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Stage-dependent piRNAs in chicken implicated roles in modulating male germ cell development

Overview of attention for article published in BMC Genomics, June 2018
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About this Attention Score

  • Above-average Attention Score compared to outputs of the same age (63rd percentile)
  • Good Attention Score compared to outputs of the same age and source (71st percentile)

Mentioned by

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8 tweeters

Citations

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7 Dimensions

Readers on

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14 Mendeley
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Title
Stage-dependent piRNAs in chicken implicated roles in modulating male germ cell development
Published in
BMC Genomics, June 2018
DOI 10.1186/s12864-018-4820-9
Pubmed ID
Authors

Kai-Wei Chang, Yen-Tzu Tseng, Yi-Chen Chen, Chih-Yun Yu, Hung-Fu Liao, Yi-Chun Chen, Yu-Fan Evan Tu, Shinn-Chih Wu, I-Hsuan Liu, Marina Pinskaya, Antonin Morillon, Bertrand Pain, Shau-Ping Lin

Abstract

The PIWI/piRNA pathway is a conserved machinery important for germ cell development and fertility. This piRNA-guided molecular machinery is best known for repressing derepressed transposable elements (TE) during epigenomic reprogramming. The extent to which piRNAs are involved in modulating transcripts beyond TEs still need to be clarified, and it may be a stage-dependent event. We chose chicken germline as a study model because of the significantly lower TE complexity in the chicken genome compared to mammalian species. We generated high-confidence piRNA candidates in various stages across chicken germline development by 3'-end-methylation-enriched small RNA sequencing and in-house bioinformatics analysis. We observed a significant developmental stage-dependent loss of TE association and a shifting of the ping-pong cycle signatures. Moreover, the stage-dependent reciprocal abundance of LINE retrotransposons, CR1-C, and its associated piRNAs implicated the developmental stage-dependent role of piRNA machinery. The stage dependency of piRNA expression and its potential functions can be better addressed by analyzing the piRNA precursors/clusters. Interestingly, the new piRNA clusters identified from embryonic chicken testes revealed evolutionary conservation between chickens and mammals, which was previously thought to not exist. In this report, we provided an original chicken RNA resource and proposed an analytical methodology that can be used to investigate stage-dependent changes in piRNA compositions and their potential roles in TE regulation and beyond, and also revealed possible conserved functions of piRNAs in developing germ cells.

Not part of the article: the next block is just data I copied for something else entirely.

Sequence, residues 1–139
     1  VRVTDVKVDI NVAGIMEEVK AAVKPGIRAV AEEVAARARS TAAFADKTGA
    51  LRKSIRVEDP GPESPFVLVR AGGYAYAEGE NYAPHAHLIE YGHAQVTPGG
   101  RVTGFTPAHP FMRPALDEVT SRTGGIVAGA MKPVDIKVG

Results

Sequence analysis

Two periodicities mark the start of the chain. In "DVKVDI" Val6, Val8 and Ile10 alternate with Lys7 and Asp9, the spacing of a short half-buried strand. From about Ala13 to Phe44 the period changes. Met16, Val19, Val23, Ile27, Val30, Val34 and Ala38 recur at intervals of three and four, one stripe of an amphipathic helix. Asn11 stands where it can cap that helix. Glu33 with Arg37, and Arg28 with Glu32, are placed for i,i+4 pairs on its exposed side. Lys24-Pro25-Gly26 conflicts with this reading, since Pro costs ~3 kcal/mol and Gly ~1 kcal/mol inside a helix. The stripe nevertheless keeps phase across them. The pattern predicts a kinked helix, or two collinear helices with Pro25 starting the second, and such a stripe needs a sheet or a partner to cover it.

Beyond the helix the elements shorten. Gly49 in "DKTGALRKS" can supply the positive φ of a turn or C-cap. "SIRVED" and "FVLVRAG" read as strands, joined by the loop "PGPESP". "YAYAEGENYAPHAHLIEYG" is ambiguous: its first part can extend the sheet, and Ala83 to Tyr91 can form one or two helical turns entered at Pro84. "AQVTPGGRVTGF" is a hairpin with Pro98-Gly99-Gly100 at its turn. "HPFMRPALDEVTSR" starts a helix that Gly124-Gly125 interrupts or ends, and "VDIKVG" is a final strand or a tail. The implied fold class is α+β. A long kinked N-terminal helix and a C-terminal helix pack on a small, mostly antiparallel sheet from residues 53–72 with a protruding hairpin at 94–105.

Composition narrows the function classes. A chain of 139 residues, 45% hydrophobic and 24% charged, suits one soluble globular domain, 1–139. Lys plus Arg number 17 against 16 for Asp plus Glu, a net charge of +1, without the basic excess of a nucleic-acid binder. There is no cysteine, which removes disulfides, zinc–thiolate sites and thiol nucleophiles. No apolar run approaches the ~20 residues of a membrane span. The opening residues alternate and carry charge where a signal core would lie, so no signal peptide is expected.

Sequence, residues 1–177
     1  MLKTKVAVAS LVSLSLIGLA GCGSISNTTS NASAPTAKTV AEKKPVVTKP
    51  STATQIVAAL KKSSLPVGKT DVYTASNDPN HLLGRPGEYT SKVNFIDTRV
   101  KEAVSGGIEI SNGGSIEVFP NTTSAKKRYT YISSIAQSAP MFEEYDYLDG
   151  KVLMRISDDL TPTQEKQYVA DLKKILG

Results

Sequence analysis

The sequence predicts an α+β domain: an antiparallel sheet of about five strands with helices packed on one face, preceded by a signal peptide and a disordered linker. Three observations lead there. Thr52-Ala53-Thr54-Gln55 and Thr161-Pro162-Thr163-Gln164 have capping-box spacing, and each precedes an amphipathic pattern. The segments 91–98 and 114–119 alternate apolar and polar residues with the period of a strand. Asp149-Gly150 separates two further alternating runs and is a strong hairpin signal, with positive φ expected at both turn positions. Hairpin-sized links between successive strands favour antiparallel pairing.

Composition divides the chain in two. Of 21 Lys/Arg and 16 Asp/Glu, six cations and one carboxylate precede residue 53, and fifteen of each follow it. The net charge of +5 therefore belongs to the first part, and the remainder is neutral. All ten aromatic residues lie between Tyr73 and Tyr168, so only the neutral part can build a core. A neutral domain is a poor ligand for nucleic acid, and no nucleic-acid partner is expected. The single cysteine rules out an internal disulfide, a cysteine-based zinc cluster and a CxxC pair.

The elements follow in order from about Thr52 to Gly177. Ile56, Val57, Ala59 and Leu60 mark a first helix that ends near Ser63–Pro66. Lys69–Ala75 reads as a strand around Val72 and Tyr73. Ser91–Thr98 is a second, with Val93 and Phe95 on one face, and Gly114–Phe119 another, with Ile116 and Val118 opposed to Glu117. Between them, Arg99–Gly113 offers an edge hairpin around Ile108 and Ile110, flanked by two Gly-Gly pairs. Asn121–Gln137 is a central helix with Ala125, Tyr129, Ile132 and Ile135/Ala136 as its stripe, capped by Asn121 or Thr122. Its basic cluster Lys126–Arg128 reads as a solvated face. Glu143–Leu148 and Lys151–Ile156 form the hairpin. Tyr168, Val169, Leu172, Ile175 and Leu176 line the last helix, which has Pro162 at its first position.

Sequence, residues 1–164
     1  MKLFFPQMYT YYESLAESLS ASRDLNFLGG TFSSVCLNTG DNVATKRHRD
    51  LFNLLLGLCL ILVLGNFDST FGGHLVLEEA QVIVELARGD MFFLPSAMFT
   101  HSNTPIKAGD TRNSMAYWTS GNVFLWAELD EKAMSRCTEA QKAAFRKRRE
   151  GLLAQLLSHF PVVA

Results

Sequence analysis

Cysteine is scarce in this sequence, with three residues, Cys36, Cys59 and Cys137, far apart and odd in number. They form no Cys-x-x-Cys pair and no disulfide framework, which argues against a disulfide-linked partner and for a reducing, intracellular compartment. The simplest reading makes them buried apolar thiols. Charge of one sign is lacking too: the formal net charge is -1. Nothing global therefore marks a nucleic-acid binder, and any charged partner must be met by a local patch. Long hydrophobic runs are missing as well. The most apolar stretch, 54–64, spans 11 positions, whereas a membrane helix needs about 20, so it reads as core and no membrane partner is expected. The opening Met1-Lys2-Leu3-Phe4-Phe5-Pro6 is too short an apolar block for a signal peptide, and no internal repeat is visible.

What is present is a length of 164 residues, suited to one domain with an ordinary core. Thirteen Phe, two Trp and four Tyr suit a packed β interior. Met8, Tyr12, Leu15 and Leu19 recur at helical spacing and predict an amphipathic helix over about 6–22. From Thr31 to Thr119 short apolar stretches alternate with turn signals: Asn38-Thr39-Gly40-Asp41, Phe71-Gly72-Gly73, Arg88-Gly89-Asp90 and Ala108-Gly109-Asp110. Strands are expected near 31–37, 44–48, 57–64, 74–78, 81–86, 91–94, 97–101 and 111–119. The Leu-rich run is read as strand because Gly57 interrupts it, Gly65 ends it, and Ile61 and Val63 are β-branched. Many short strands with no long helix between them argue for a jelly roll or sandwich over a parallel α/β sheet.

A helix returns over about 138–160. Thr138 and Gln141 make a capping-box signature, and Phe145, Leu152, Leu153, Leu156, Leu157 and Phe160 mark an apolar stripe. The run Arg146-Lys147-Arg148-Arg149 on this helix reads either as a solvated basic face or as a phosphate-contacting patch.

Twitter Demographics

The data shown below were collected from the profiles of 8 tweeters who shared this research output. Click here to find out more about how the information was compiled.

Mendeley readers

The data shown below were compiled from readership statistics for 14 Mendeley readers of this research output. Click here to see the associated Mendeley record.

Geographical breakdown

Country Count As %
Unknown 14 100%

Demographic breakdown

Readers by professional status Count As %
Researcher 4 29%
Other 2 14%
Student > Master 2 14%
Student > Ph. D. Student 1 7%
Student > Postgraduate 1 7%
Other 0 0%
Unknown 4 29%
Readers by discipline Count As %
Agricultural and Biological Sciences 5 36%
Biochemistry, Genetics and Molecular Biology 4 29%
Pharmacology, Toxicology and Pharmaceutical Science 1 7%
Unknown 4 29%

Attention Score in Context

This research output has an Altmetric Attention Score of 4. This is our high-level measure of the quality and quantity of online attention that it has received. This Attention Score, as well as the ranking and number of research outputs shown below, was calculated when the research output was last mentioned on 19 December 2018.
All research outputs
#4,062,524
of 14,056,657 outputs
Outputs from BMC Genomics
#2,410
of 8,216 outputs
Outputs of similar age
#100,089
of 276,765 outputs
Outputs of similar age from BMC Genomics
#6
of 21 outputs
Altmetric has tracked 14,056,657 research outputs across all sources so far. This one has received more attention than most of these and is in the 70th percentile.
So far Altmetric has tracked 8,216 research outputs from this source. They receive a mean Attention Score of 4.3. This one has gotten more attention than average, scoring higher than 70% of its peers.
Older research outputs will score higher simply because they've had more time to accumulate mentions. To account for age we can compare this Altmetric Attention Score to the 276,765 tracked outputs that were published within six weeks on either side of this one in any source. This one has gotten more attention than average, scoring higher than 63% of its contemporaries.
We're also able to compare this research output to 21 others from the same source and published within six weeks on either side of this one. This one has gotten more attention than average, scoring higher than 71% of its contemporaries.